Donald Andrew Henson II

Posts Tagged ‘New Testament’

Blogging the Bible – Methodology

In Blogging the Bible, Blogging the New Testament on May 15, 2012 at 4:03 pm

Before I jump right into reading the New Testament and posting my comments, I’d like to take a couple of paragraphs to talk about how I want to approach the whole project.

First and foremost, I want to keep an open mind. I spent half of my life in an evangelical church, and I understand how believers approach the Bible, how they read it, and how they feel God intends for it to be read. I don’t necessarily intend to abandon that kind of reading, but to add to it. There are earnest Christians who seek to understand the history, culture, and politics of the early Christian world in hopes of having a better understanding; I applaud that approach, and hope to incorporate some of that into my writing.

There are academics who take a completely different approach, which is to question nearly every claim that Christians make about the Bible – who actually wrote each book, when the books were written, whether the words of Jesus are recorded by first-hand observers, etc. Books of this genre, including Who Wrote the Bible by Richard Elliot Friedman and the much more recently written Forged by Bart Ehrman raise a lot of questions about the Bible’s authenticity that any serious believer should not be afraid to consider. I read Friedman’s book years ago when I still considered myself an evangelical, and it didn’t challenge my faith as much as affirm it. Some of his insights really livened up the Sunday School lessons I was teaching at the time. I’ve just finished Ehrman’s and it only confirms what serious students of the Bible since Martin Luther have said – the traditional attributions of authorship for many of the books don’t always seem accurate.

MARTIN LUTHER IN CHURCH OF MARTIN LUTHER IN MU...

Martin Luther

From my point of view, it doesn’t matter so whose approach you choose. What is of more interest to me is how scriptures are interpreted today in American society to form a prevailing religious mindset, and whether those interpretations are beneficial or damaging to our nation as a whole. I think anyone who truly wants to find truth can look at both sides of an issue without having to join one camp or another. I’m hoping to incorporate what I know about both approaches to the New Testament, and hopefully find common ground between those who fervently believe and those who don’t.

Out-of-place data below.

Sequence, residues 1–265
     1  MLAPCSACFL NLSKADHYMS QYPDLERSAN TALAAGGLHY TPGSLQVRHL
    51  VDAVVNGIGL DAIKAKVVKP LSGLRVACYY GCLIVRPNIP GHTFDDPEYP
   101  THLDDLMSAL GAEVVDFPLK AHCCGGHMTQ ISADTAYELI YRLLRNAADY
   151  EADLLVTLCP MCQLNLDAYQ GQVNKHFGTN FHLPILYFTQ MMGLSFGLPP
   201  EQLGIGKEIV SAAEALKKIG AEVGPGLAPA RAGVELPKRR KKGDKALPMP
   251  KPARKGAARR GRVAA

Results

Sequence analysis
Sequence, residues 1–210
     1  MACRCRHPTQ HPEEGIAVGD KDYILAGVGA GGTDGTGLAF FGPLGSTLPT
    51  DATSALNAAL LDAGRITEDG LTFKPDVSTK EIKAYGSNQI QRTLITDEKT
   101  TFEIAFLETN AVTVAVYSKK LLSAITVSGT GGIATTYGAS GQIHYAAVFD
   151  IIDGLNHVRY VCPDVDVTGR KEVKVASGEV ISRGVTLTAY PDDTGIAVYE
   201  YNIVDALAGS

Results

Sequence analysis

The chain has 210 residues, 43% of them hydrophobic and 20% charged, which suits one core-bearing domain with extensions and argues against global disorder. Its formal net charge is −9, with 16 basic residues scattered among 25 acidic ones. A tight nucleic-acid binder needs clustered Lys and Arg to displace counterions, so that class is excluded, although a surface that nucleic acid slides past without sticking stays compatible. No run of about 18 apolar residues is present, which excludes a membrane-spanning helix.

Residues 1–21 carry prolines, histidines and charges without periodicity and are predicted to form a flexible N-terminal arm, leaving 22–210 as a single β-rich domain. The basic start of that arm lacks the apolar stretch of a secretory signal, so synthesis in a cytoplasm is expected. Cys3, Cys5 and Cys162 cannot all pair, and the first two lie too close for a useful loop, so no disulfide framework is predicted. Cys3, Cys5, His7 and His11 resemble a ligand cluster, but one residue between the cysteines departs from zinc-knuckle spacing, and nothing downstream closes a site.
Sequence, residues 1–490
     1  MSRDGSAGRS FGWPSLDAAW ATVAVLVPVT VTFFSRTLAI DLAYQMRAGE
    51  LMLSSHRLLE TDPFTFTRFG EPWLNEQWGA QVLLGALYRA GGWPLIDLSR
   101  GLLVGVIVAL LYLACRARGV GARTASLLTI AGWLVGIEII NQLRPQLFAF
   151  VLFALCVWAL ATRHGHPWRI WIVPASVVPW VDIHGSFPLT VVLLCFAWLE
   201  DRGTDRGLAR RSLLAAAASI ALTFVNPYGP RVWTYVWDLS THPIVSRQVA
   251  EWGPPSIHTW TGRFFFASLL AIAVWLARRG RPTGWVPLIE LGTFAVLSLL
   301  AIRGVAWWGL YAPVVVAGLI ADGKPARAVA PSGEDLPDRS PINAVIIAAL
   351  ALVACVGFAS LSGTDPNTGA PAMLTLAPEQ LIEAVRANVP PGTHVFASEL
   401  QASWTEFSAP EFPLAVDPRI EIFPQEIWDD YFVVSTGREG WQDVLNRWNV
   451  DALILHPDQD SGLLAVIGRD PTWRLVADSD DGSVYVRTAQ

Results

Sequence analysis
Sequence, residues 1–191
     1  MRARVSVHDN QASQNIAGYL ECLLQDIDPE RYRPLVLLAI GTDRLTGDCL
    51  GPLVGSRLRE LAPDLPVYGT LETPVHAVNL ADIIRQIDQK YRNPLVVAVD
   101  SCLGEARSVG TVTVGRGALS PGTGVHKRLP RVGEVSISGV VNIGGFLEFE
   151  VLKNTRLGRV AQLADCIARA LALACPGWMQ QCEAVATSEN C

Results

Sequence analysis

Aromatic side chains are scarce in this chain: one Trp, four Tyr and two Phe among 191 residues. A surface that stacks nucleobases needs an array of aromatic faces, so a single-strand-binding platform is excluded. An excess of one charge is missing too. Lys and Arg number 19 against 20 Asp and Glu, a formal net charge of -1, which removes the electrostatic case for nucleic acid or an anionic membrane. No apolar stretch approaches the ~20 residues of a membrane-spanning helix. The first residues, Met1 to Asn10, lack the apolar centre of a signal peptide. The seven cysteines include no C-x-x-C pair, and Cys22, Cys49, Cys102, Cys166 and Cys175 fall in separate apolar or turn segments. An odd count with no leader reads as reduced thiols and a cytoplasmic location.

I’m going to start reading the books in the order in which they were written, not in the order in which they appear in the New Testament. Whenever there are huge discrepancies in dates, I’ll make a judgement call, but will lean towards a more traditional dating.  That means I’ll start with the letters of Paul, then work through the synoptic gospels. After Luke, we’ll go through Acts, the letters of other apostles, and end with pretty much everything attributed to John. I think studying them in this order should help us see the ideology of the Bible unfold, with the ideas presented in the order in which they were developed, not the order someone put them in 300 years later.

Ironically, my Dad sent me an email just yesterday, not knowing that I had just announced my intention to blog the NT. He urged me to ‘get back into the Word’, confident that anyone who does so will find God there. My brother, on the other hand, who recently ‘outed’ himself as an atheist, seems to think that actually reading the Bible with an open mind is the surest path to non-belief. It seems I’ll be walking a fine line to keep them both happy!

It will be interesting to see which way things go.

Blogging the Bible

In Blogging the Bible on May 13, 2012 at 11:34 pm

By Rembrandt.